14 Art Books to Read This Summer

From an occult Renaissance manuscript to the history of eyeliner, we’ve got you covered for books to read this summer. Whether you’ll be lounging on a beach or praying for the arrival of fall, this is a season for slowing down, leaving books half-finished, and following your curiosity. Our staff and contributors have suggestions for wherever it leads you over the next few months, with recommendations for both old and new titles that entertained, moved, and perplexed us. Critic John Yau suggests a poetry collection by V.R. “Bunny” Lang, while Editor-in-Chief Hrag Vartanian reads through the poignant book of watercolors by artist Jess MacCormack, who renders experiences of trauma and painful memories with a tender hand. Read on for Salman Rushdie’s new memoir, Asian-American history, and other pageturners and visual delights, and enjoy. —Lakshmi Rivera Amin, Associate Editor

Shame, Shame, Go Away by Jess MacCormack

Shame Shame Go Away book cover

The luscious paintings in this incredibly moving book are enough to warrant a purchase, but artist Jess MacCormack’s story is so powerful that you’ll find yourself finding moments of respite in the glorious imagery. It bleeds in a way only watercolor can, while portraying the blurred realities of trauma and its legacy.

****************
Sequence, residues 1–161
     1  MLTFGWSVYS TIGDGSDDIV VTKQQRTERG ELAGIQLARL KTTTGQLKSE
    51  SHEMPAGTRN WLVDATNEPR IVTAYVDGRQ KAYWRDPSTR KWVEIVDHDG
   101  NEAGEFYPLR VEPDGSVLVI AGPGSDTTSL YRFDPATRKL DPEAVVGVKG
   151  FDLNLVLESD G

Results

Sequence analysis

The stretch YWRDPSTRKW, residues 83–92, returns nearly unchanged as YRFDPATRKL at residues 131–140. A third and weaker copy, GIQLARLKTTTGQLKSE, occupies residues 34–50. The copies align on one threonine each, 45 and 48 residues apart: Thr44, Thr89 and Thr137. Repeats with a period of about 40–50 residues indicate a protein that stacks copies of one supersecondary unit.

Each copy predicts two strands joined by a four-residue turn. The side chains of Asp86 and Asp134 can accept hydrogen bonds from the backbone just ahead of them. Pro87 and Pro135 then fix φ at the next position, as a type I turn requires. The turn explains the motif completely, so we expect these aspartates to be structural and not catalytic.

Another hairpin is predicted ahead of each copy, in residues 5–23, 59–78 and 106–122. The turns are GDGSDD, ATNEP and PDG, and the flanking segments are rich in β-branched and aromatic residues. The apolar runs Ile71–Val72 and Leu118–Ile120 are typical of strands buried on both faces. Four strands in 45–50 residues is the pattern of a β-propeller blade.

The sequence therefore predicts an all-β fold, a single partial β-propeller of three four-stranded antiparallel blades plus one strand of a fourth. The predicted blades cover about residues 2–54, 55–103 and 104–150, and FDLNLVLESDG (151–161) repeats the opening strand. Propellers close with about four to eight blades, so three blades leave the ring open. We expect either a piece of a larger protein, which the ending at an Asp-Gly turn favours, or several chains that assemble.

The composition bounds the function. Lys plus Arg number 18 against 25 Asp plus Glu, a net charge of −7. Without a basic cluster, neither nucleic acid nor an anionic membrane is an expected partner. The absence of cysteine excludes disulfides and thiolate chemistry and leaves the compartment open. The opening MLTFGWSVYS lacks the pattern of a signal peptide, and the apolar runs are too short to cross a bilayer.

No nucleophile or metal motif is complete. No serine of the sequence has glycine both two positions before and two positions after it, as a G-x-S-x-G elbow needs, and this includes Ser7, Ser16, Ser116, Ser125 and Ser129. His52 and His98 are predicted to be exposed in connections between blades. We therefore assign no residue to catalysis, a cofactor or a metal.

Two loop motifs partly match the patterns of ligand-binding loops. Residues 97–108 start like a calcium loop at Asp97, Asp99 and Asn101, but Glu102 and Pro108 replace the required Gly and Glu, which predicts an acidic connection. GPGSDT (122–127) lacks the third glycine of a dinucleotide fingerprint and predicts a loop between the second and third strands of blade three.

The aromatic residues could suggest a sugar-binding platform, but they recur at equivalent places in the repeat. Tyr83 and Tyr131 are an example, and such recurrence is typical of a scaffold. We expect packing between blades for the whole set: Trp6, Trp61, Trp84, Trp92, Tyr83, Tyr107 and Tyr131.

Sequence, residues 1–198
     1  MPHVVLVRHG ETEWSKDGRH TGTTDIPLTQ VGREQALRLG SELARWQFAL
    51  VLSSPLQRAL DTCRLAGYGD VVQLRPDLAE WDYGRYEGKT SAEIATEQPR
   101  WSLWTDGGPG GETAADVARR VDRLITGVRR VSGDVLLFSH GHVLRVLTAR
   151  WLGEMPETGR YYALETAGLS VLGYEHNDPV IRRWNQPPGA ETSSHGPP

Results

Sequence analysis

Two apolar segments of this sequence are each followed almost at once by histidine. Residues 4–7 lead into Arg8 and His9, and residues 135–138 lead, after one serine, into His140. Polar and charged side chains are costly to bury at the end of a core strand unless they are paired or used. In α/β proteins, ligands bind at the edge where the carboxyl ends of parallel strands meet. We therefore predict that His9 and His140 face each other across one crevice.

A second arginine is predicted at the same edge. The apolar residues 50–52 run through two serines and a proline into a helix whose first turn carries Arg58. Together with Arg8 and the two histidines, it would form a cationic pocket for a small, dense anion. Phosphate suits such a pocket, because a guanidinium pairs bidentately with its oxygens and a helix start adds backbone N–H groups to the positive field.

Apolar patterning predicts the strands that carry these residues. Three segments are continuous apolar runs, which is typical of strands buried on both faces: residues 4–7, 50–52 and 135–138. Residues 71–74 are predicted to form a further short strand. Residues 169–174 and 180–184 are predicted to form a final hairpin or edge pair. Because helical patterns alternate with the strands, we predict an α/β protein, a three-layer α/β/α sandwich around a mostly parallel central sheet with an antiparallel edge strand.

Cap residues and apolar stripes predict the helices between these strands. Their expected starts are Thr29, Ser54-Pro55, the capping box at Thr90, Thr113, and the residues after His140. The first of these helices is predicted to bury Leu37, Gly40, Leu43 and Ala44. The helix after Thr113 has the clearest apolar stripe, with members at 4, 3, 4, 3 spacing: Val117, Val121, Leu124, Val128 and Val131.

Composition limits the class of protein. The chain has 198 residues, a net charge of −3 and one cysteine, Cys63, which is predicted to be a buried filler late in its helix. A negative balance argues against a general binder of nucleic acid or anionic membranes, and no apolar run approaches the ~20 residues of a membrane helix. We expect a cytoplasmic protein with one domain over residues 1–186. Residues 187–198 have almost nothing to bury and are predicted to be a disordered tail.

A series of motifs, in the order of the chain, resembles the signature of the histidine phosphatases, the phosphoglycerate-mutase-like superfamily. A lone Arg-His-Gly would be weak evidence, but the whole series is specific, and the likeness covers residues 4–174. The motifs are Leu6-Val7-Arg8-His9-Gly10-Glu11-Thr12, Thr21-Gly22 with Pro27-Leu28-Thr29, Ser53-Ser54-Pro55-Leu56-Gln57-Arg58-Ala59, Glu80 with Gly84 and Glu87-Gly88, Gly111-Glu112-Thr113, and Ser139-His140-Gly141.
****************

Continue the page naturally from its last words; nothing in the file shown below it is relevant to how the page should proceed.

MacCormack is perhaps best known nowadays for their incredible AI videos that feel very fresh and of the moment. But in this graphic novel, dedicated to a dear friend who took their own life, Mia Rose Cameron, you encounter the sheer emotional force of what partially drives them. Here we see the artist sift through the husks of memories, and somehow they’re able to make them feel hopeful even when confronted with extreme injustice. Their skills as a storyteller and disinterest in “happy endings” help the story feel raw and poignant. This book is a window box of wonders, and I encourage you to find a few hours to take in this visual celebration that reminds us that even among the shit of life, beautiful plants can flower and grow. For those of us with histories of childhood abuse or neglect, Shame, Shame, Go Away is a collective scream to highlight what has for too long been ignored and explained away by those who would rather paper over the afterlives of troubled childhoods in which many of us were not kept safe. —Hrag Vartanian

Buy the Book | Canada Council for the Arts, 2020

Knife: Meditations After an Attempted Murder by Salman Rushdie

Knife Meditations After an Attempted Murder